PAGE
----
Bio: How I Started Backpacking

On Wittenberg toward Hudson Valley - Started

Backpackers aren’t born that way and it’s not an easy hobby for most people to stick with over time. But if you’ve caught the ‘backpacking bug’, it’s a passion that provides many challenges and rewards for the mind and body. Here’s my story of how I became an outdoors person and steered my life away from chasing money and professional titles to one that emphasized personal happiness and contentment. Everybody’s path is different but this is how I ended up where I am today.

Beginnings

To preface, I had always been a day hiker from my teens on, although casually. I did a little bit of backpacking in high school, and some camping in college and graduate school, but that was the extent of my outdoor recreation until I was in my late thirties. Everything changed after that when I developed a life, separate from my career.

Water Sports

It started with sea kayaking which I did for about 2 years before I switched over to whitewater kayaking. That was the sport that really made me an outdoor fanatic. At my apex, I was paddling 60 days annually, including winter, and driving over 10,000+ miles a year to river put-ins all over New England, including Canada.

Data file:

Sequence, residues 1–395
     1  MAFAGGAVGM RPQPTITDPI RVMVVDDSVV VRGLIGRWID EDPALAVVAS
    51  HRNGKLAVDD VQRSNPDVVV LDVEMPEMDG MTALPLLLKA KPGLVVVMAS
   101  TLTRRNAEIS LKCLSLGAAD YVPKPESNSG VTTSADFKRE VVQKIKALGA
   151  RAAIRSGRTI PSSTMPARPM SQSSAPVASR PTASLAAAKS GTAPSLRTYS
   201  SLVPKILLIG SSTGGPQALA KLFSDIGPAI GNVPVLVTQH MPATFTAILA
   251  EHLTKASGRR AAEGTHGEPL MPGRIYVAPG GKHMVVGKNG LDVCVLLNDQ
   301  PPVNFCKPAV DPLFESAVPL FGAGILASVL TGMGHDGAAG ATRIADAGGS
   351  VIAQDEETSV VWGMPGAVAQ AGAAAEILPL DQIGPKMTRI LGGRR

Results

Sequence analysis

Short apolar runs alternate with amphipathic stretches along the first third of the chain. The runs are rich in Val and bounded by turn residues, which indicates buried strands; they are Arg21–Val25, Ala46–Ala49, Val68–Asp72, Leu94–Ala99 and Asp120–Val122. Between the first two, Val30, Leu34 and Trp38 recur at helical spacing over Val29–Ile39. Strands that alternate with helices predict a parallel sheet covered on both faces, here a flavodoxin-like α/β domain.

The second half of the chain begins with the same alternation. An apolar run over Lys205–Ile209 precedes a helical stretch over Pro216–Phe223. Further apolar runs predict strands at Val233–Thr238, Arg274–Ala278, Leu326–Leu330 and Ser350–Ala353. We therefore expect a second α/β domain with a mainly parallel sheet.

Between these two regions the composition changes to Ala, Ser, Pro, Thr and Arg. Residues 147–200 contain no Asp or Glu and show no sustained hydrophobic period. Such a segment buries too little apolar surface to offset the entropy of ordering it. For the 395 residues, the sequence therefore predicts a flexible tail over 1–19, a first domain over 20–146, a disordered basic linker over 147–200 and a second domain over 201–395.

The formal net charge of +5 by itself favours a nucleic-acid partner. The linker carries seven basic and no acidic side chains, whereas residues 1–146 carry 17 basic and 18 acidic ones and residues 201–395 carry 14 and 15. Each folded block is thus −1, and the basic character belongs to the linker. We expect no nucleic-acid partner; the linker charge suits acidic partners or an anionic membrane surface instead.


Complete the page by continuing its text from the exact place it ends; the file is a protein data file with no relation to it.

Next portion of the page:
I started as a river runner on class 2 rivers and worked my way up to class 4, dabbling a bit in playboating and creeking. I got good enough to become a leader for the Appalachian Mountain Club and an instructor on club courses.

Kayaking In New Hampshire about 5 miles from my current residence
Kayaking In New Hampshire about 5 miles from my current residence

Whitewater kayaking is a great sport that requires a lot of practice, skill, physical endurance, and safety training. When I was really into it, I’d paddle on both days of the weekend, and practice my combat rolls in a pond near my house every evening after work. My car stood out in the company parking lot because there was usually a kayak tied down on the roof.

There came a point, however, where my paddling friends became interested in running harder and harder class 4 and even class 5 rivers. I was more comfortable on class 3-4 water and stopped going kayaking as much since my friends didn’t want to run the easier rivers that I preferred.

Let’s Take a Walking Vacation

Right around then,  my wife and I decided to do something different for our August summer vacation. Instead of heading to the Gunks, a mountain range located outside of New Paltz, NY famous for its hiking and rock climbing, we both agreed that we’d go on a guided hiking trip in the Shetland Islands off the northern coast of Scotland.